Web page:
While Joe Anderson was sweeping all before him to become Liverpool’s first directly elected mayor, the people of Manchester narrowly voted no.
53% voted no and 47% yes but only a quarter of Mancunians voted following a low key campaign. The government had wanted “a Boris in every Town Hall” but it will be business as usual in this well run city.
The truth is that the post has not attracted the colourful outsiders or dynamic business candidate that might have caught the voter’s imagination. Combined with that was uncertainty about what difference it would have made.
The government might have wanted a Boris in Manchester Town Hall but they weren’t prepared to give the post the powers in advance.
However Manchester’s rival city just down the M62 does now have the opportunity to exploit any advantage there may be to be gained by having an elected mayor.
Joe Anderson, the city’s council leader won easily on the first ballot. The former BBC producer Liam Fogarty came second and immediately accepted an unpaid post as Anderson wasted no time in signalling that the partisan rhetoric was being put away.
That’s just as well because the campaign has been characterised by disruptive behaviour by the fruitcakes and fascists representing the British National Party, National Front and English Democrats.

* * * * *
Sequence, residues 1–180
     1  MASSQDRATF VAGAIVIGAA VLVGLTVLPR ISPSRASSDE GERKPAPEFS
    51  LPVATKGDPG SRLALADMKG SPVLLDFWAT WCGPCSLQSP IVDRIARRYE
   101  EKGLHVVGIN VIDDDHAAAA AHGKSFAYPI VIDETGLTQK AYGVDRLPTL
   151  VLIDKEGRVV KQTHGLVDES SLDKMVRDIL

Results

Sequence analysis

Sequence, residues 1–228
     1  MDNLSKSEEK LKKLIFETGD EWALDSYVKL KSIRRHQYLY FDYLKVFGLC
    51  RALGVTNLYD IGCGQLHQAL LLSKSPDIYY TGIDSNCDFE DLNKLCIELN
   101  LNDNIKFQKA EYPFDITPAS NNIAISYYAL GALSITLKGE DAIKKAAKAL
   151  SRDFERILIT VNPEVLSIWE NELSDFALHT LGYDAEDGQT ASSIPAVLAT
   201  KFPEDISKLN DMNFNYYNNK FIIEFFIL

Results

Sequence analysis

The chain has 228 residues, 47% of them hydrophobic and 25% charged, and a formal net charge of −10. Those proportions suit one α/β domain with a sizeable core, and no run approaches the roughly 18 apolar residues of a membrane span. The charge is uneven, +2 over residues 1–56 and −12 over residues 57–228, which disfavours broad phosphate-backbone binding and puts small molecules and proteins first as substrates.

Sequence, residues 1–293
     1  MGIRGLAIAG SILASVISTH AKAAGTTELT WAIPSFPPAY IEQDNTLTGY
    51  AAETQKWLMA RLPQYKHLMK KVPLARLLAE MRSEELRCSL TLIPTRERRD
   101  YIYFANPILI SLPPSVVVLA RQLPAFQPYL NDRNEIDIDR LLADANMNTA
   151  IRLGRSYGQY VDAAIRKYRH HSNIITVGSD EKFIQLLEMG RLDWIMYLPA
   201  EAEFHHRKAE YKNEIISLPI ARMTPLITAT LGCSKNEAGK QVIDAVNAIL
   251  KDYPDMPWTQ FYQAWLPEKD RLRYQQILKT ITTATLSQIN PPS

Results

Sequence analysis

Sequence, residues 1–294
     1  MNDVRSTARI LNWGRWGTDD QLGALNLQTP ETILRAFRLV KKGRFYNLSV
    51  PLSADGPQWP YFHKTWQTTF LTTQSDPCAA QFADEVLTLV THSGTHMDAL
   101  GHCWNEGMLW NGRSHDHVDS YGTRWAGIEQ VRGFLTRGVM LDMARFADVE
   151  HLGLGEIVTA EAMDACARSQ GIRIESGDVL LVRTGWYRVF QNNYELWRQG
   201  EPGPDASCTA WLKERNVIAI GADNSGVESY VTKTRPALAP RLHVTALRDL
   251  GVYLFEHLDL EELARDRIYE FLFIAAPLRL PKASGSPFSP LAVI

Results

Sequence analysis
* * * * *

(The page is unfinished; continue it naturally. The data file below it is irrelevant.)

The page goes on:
Their interventions in radio debates and at the count were crude examples of boneheaded racism. When they got beyond immigration, their other policies for the city were implausible or downright ridiculous. The people of Liverpool pronounced their verdict by putting the bunch of them at the bottom of the list.
In third place was Liberal Democrat Richard Kemp. With his long experience on the council and national positions with the Local Government Association, he could have plausibly run the city.
Fourth place wasn’t bad for the Greens’ John Coyle with the veteran Socialist Coalition candidate Tony Mulhearn in fifth.
Steve Radford of the Liberals was virtually tied with Tory Tony Caldeira in sixth and seventh place. Caldeira campaigned well, attracting top ministers in to support him like Cities Minister Greg Clarke. Caldeira has laid the foundations for a bid for parliament.
Manchester will now watch the elected mayors of Liverpool and Salford bed in but most cities across the country holding referendums have said no to the project.
There’s already a feeling on Merseyside that Joe Anderson will seek to extend his influence beyond the city’s boundaries. Transport is an area where his writ does not run beyond the city boundary. As the ballot boxes were stacked away he told me he would be asking questions about the deal the city gets from Merseyside Transport Authority.
The saga of the lost tram scheme for the city still wrankles with the old bruiser. Anderson told me he intends to open discussion with the government about more powers for the office he now holds.
Although Sefton, Wirral and St Helens are either opposed to or equivocal about a sub regional mayor, they are now all under full Labour control for the first time. This may or may not assist in bringing Merseyside together.